I’m referring to websites. So imagine a small upstart company creating a new social media website to compete with twitter or instagram. Now imagine twitter and instagram having the money to make deals with internet providers such that their website gets unlimited high speed access, while the upcoming competitor gets lower speed and limited access. All of a sudden the cards are stacked against the competition unfairly.

          • Ronald Touchet

            This is America. You get the opportunity that you can afford, if you can’t, well then too bad for you. It saves the big name players from having to buy the competition when the landscape is unbalanced.

          • So Twitter uses 1000 times as much bandwidth as MyGossip, and pays 1000 times as much as MyGossip. I don’t see the problem here. Are you suggesting that the government subsidize MyGossip so that they don’t have to pay as much for more bandwidth as they grow? When would the subsidy stop? What is “unfair” about paying for the bandwidth needed for your business?

            Using the phrase “unlimited high speed access” show a complete lack of understanding of networking on your part. There is NO SUCH THING as “unlimited” internet access – no matter what the marketroid from your ISP says. The links all have a finite bandwidth, which is oversubscribed to keep costs down. You can actually buy a dedicated link – but it still has a finite bandwidth, and is still shared where it connects to the global internet. Companies like facebook and twitter *do* in fact purchase multiple dedicated links to internet trunks. Are you suggesting they should be forbidden to do that??

          • I think what you may be trying to describe is a Microsoft / Coke / Pepsi scenario. Microsoft sells its products at a steep discount to OEMs on condition that the OEM sell Microsoft products exclusively on all their products. Microsoft can get away with this because of their huge market share. Coke and Pepsi have a similar arrangement with restaurants – a Coke restaurant can only sell Coke products, if they want to get the soda cheaply. Same for Pepsi.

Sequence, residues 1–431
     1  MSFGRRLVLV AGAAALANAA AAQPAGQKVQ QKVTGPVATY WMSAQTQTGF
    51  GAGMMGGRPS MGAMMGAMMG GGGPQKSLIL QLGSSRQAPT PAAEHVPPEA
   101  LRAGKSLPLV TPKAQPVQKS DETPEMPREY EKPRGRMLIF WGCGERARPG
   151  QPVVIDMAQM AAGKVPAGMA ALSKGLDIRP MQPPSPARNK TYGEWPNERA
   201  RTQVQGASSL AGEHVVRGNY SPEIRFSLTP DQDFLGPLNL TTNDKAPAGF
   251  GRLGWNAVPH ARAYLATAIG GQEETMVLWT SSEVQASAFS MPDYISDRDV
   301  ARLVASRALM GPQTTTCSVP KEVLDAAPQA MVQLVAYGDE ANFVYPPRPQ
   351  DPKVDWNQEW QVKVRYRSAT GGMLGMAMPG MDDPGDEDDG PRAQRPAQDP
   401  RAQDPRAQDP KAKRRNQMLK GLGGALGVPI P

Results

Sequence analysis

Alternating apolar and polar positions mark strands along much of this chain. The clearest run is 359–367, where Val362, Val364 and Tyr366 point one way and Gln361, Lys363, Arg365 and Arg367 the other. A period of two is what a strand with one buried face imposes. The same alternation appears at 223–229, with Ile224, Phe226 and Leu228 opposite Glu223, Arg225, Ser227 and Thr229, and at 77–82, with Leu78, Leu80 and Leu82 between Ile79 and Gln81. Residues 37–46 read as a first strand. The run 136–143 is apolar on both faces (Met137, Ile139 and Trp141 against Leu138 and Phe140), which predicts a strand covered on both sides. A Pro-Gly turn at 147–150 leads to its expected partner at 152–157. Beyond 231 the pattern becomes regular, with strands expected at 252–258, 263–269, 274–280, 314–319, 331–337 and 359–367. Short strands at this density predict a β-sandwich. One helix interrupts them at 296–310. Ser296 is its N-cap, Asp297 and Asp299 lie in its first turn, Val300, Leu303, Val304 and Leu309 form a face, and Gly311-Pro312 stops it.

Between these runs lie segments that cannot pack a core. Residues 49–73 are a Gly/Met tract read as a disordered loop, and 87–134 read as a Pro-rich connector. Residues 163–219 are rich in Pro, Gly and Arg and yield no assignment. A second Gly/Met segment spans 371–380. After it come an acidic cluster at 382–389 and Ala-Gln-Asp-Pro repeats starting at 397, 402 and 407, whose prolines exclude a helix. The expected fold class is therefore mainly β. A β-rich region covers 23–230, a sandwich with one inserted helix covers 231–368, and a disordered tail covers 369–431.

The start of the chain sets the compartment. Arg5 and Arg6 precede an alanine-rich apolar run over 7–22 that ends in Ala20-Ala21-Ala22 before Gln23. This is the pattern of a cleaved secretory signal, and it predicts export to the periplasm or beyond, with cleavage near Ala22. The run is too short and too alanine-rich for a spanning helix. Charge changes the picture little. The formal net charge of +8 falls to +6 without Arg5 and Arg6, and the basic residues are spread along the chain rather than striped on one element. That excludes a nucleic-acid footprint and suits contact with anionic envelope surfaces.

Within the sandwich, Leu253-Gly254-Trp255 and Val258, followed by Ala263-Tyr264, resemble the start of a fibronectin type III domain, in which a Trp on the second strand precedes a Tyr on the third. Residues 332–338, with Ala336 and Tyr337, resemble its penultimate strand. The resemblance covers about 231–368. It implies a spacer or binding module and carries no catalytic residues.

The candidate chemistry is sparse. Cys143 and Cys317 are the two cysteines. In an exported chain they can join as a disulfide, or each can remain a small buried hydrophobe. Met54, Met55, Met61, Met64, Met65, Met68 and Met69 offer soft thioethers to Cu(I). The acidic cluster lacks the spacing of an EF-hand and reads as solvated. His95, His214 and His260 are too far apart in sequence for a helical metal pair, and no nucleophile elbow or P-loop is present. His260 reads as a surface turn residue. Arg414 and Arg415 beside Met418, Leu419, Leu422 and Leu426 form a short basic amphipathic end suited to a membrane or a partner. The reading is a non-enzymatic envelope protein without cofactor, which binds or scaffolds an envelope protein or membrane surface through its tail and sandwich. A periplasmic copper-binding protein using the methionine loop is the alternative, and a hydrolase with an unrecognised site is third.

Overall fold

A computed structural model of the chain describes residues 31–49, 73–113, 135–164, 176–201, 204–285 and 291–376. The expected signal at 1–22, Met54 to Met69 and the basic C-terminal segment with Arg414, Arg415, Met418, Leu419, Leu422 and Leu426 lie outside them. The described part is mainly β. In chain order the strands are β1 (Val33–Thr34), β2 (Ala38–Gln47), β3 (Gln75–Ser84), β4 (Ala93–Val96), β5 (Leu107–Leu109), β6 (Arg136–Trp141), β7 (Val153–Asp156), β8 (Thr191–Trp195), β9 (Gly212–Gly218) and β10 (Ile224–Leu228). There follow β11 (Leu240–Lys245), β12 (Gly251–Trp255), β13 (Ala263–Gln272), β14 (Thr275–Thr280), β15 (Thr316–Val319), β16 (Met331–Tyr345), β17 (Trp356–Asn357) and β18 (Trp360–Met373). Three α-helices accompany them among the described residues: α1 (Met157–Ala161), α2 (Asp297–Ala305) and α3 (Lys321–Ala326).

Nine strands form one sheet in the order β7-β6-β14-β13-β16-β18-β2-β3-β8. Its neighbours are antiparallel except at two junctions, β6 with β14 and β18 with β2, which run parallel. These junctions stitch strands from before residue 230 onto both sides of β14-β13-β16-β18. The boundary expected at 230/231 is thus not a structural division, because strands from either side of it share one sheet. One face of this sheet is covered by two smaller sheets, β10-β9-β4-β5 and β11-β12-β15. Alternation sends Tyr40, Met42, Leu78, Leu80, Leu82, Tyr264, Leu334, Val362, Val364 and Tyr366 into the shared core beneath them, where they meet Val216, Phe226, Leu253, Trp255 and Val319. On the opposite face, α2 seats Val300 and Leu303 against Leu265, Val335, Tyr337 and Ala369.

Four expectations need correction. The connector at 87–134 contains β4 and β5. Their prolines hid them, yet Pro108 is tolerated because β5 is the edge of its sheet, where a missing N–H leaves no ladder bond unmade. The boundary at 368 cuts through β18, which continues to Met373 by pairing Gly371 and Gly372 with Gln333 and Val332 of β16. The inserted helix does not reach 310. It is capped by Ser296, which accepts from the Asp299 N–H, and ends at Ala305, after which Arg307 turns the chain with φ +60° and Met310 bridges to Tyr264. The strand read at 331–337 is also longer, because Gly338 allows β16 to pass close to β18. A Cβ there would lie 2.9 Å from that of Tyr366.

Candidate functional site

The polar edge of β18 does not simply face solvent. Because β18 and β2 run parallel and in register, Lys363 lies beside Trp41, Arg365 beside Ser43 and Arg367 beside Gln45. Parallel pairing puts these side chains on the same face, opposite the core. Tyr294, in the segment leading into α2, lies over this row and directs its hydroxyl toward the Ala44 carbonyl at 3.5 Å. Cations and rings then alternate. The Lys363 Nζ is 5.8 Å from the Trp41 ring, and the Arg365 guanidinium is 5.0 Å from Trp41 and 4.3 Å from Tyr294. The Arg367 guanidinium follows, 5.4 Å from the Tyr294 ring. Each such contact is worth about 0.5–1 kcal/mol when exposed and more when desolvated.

You may be fearing a scenario where Facebook makes a deal with a large number of ISPs to pay lotsa $$$ provided they actively throttle all non-facebook traffic (or maybe all traffic not in the facebook consortium).

            This kind of scheme only succeeds with consumer ignorance. Most people keep buying Microsoft products. But there *is* a market in cheap used PCs for those of us with a little more knowledge (and can put Linux/BSD/Solaris/etc on them) – *and* a market in expensive Apple products for those with a little more dough. So while I am offended by the “Microsoft Tax”, and avoid paying it (by buying a new PC) as a point of honor, I am happy to spend $200 on my laptop instead of $2000.

            In the same way, while most consumers will remain blissfully ignorant that their “mainstream” ISP only provides efficient access to “facebook consortium” websites – those of us who are more knowledgeable will use smaller ISPs, like WISPs. Those with more money will buy “premium” service from ISPs that haven’t signed with Facebook so they can sell to the premium market.

            This is not ideal, but consumer education is the only real solution. Government deciding who can sell what to who based on politics would be even worse.